If the Detroit Police Department has so many officers that they can virtually flood downtown with dark blue uniforms, why is it that I see more Dearborn police cars in the Warrendale neighborhood than I do Detroit ones? Should the more than 9,000 families in Warrendale start sending our taxes to Dearborn instead?

If they can do so much downtown for a fireworks display, why can't they do anything about the dozens of drug deals that I see every single week in my neighborhood?

This city - and it's leadership - has its values all messed up. I actually left downtown before the fireworks even started. I was just too aggravated about all of this to even begin to enjoy it.

I wanted to grab one of those police officers and scream at him or her about this entire situation. The thing is, I know darn well that rank and file police officers don't decide where they are going to be assigned; they don't decide what this city's priorities will be or what they won't be.

As I was driving home this evening, I started thinking that we should simply cancel the Target Fireworks. If the fireworks require such a huge commitment from our police officers and they can't even respond to the ordinary calls then we should get rid of them.

And the Thanksgiving Day Parade, too.

And any other special event that requires special attention from the Detroit Police Department.

I think we shouldn't have any of these things until we get to the point where the Detroit Police Department is able to show up every time a resident calls 9-1-1. The cost for having these events - as wonderful as they are - is simply too high.

We have to live with our children getting shot at so that some folks can watch a fireworks show.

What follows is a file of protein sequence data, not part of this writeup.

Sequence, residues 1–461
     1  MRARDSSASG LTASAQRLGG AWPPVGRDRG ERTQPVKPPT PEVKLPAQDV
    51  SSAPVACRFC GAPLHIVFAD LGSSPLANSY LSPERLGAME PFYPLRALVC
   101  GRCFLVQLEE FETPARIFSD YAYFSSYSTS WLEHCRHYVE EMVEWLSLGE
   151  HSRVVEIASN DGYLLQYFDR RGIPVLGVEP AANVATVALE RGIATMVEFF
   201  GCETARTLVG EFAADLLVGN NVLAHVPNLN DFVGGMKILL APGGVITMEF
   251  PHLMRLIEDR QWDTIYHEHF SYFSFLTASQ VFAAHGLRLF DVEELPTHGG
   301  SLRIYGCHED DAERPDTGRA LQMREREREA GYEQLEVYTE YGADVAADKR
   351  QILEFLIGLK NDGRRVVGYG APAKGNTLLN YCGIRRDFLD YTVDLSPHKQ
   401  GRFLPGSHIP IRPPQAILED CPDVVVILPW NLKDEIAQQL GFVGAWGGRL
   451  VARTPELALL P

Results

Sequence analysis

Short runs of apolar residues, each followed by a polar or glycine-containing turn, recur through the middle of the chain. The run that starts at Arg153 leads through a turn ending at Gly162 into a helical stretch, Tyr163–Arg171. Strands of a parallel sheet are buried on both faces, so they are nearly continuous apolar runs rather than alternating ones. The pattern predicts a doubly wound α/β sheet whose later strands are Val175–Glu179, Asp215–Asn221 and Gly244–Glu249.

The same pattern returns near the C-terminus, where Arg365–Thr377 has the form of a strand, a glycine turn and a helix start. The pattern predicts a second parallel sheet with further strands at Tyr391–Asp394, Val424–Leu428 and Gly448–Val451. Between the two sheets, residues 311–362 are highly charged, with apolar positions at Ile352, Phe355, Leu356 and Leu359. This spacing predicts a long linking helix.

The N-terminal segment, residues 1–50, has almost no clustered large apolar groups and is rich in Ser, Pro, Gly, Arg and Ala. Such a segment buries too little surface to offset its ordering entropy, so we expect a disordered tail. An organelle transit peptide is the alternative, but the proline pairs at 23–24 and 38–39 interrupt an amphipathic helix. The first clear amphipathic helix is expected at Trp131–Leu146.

We have to tolerate pregnant women being run down in the streets of our neighborhoods so that some folks can watch a fireworks show.

When an emergency in our neighborhood develops, we have to pray that our neighbors in Dearborn find out about it and are able to respond because our own police officers are deployed elsewhere.

This evening I was seriously tempted to begin a petition drive to ban the Target Fireworks, the Thanksgiving Parade and any other special event that requires special attention from our police department. The only thing that keeps me from doing so is the strong suspicion that - even if those distractions went away - Mayor Kwame Kilpatrick and the Detroit City Council would simply find another excuse to waste our limited resources.

And then we wouldn't have a functioning police department or an annual fireworks display.

Wednesday, June 18, 2008

Good Bye, Office Depot

The Office Depot on Ford Rd. in Detroit's Warrendale neighborhood is closing it's doors in a couple of weeks. I've shopped there since the place opened and have always been thrilled with their prices, service and selection. I will miss them.

I spoke with some of the employees and managers at the store. The issue over this closing wasn't the Warrendale neighborhood per se. It's all of the things that have happened around the store.

Once upon a time, there was a Comp USA store next door to the Office Depot. The presence of that store gave them a boost in the traffic. When Comp USA went through a host of changes at the national level, their store in the Warrendale neighborhood closed and that meant less traffic coming into the Office Depot.

Then, when Wal-Mart opened in the former Super K-Mart location on the other side of Ford Road, it meant even less business coming into the Office Depot.

All of this has taken them to the point where they finally decided to close this store.

I will miss them. In the meantime, I wanted to mention for everyone's benefit that whatever is left in the store is being sold at 25% off it's normal price. Beginning on Sunday, anything that is still there will be sold for 50% off. There were quite a few empty isles when I was there yesterday. I would recommend that everyone stop by soon to take advantage of the discounts and to say good-bye to a Warrendale institution.

Tuesday, June 10, 2008

Raid @ the CAID

I am one of the only bloggers in southeastern Michigan who hasn't posted about the police raid, which happened at the Contemporary Art Institute of Detroit a little over a week ago. For the benefit of anyone who hasn't already heard about this, approximately 130 individuals (almost all of whom were from the suburbs) were ticketed and had their cars impounded for drinking in an establishment wasn't licensed to sell alcohol and that was operating after 2 a.m.

I have no problems with the police enforcing Michigan's liquor laws. My only issue comes from the prioritization of this.

At the CAID, there was:
  • No gambling;
  • No prostitution;
  • No narcotics trafficking or use;